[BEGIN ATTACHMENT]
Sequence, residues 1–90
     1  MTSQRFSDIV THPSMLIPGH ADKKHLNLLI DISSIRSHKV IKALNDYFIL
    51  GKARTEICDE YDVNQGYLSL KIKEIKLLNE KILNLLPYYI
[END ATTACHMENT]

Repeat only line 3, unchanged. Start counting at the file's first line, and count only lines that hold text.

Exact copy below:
    51  GKARTEICDE YDVNQGYLSL KIKEIKLLNE KILNLLPYYI